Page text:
Reviewed October 14th, 2001 by David Nusair
Had Wit premiered in theaters rather than on HBO, there’s no doubt that Emma Thompson would’ve received (at the very least) an Oscar nomination for her performance. But the subject matter of Wit precluded its ability to be made for theatrical release (in this day and age, where teen comedies are all the rage, which studio is going to bankroll an edgy film about a woman’s struggle with terminal cancer?), so it went straight-to-cable (in actuality, it was made specifically for HBO).
Thompson stars as a professor of poetry that, as the film opens, learns she has end-stage cancer and must – from here on in – dedicate herself to staving off the progress of the disease for as long as possible. This entails long hours of chemotherapy, ingesting experimental drugs – essentially putting aside her life for the sole purpose of fighting the cancer. Her doctor is more interested in the results of her treatment, so he can further his research. She’s always been an emotionally distant woman and as such, has never been married nor does she seem to have any friends. Indeed, her only companion at the hospital is a kind nurse. The movie alternates between harshly realistic scenes of Thompson suffering the effects of her treatment and more intimate, character-revealing sequences in which Thompson expresses her regrets to the nurse.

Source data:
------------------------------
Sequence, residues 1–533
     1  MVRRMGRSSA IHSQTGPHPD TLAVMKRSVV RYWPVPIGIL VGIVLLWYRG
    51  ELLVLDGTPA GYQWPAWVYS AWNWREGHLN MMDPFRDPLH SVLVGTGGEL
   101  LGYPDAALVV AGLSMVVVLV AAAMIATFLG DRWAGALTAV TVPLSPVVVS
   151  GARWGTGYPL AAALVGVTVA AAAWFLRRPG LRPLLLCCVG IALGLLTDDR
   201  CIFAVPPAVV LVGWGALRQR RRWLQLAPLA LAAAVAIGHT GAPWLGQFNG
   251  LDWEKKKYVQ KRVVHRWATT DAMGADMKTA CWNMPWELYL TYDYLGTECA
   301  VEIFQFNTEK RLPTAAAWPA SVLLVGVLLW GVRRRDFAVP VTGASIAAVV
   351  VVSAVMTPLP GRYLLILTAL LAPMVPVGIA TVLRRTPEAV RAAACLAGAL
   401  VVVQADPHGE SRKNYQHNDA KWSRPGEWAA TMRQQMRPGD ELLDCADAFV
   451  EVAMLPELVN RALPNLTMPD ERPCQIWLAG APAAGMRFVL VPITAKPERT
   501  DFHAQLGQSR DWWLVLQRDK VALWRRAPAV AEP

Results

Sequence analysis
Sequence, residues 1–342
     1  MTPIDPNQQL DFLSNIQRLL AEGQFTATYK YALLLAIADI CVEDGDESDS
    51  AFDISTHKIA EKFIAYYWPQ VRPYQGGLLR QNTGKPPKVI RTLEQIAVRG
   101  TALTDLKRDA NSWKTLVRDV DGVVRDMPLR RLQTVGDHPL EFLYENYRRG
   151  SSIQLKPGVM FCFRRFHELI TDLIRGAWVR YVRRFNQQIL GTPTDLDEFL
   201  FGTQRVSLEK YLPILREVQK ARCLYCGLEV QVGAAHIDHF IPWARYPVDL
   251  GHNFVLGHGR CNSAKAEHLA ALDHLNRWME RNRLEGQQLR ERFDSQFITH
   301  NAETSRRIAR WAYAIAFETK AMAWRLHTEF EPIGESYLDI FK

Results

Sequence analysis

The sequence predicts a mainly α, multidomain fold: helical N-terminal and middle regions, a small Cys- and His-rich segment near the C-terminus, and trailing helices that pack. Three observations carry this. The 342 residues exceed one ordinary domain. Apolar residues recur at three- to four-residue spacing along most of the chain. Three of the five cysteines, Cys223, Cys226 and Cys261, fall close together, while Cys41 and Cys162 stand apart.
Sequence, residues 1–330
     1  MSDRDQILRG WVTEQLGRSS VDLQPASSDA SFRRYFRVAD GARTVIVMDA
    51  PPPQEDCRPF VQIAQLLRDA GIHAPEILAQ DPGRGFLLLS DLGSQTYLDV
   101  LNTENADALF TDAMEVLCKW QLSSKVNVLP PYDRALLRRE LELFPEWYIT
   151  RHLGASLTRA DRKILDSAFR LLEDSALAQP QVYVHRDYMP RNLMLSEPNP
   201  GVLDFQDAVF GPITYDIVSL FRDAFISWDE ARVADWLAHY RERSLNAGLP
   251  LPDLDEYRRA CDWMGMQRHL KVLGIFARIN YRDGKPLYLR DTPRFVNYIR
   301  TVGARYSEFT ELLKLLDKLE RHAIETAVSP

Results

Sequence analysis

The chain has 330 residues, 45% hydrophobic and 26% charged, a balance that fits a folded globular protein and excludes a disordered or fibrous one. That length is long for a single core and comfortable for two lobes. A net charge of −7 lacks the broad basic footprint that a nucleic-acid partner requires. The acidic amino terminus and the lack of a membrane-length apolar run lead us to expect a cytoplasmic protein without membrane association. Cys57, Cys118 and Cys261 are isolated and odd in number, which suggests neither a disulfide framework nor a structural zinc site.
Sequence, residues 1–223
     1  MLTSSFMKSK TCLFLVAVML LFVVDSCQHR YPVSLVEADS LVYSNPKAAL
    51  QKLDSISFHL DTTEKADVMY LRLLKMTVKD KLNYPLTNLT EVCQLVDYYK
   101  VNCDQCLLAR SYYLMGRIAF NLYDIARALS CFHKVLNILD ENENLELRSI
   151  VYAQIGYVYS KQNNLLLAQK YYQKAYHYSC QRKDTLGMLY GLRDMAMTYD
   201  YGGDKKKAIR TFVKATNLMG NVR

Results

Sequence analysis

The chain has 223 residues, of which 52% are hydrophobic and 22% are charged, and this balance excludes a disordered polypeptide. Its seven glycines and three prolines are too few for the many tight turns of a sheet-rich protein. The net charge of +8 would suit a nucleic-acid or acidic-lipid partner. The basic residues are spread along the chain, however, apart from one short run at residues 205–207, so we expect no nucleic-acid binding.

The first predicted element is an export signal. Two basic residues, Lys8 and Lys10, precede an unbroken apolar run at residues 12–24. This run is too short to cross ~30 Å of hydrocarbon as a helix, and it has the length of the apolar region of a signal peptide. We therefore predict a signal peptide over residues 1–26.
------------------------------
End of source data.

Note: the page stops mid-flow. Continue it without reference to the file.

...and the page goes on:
Wit is based on a play (which starred Who’s The Boss’ Judith Light, no less) and the theatrical origins still remain far too evident – most clearly in the monologues delivered directly to the camera. This is irritating and unnecessary. It completely stops the action and kills any forward momentum the film may have been building up. Thompson performs these scenes well and it’s easy to see why it may have been tempting to leave them in (it allows us to easily understand what the Thompson character is feeling), but it just doesn’t work. Breaking down the fourth wall rarely works to begin with, but it’s especially intrusive here.
Despite that, though, Wit is incredibly moving and features what is perhaps Thompson’s finest performance. The dour subject matter and director Mike Nichols’ unflinching approach may make this a difficult viewing, but it is rewarding.
Audio: Wit is presented with a dolby surround 2.0 track and it’s good. Obviously, there are no out-of-this-world surround effects, and this track reflects that. The dialogue is crisp and clear, while other sounds (mostly background hospital noises) occasionally give the non-center speakers a bit of a chance to do something.
Video: This anamorphic 1.85:1 transfer is spotless. Since this is a film that’s never seen celluloid, one has to assume this transfer was entirely digital (that’s what it looks like, anyway). The picture is remarkably clean and the whites (of which there are many – this does take place in a hospital, after all) are bright and vivid.
Extras: The only extra here is a set of cast and crew bios. These are fairly extensive, though it might have been nice to see a trailer or even production notes.
Conclusion: Wit just might be the most depressing movie ever made, but it is rewarding due to a fabulous performance from Emma Thompson.
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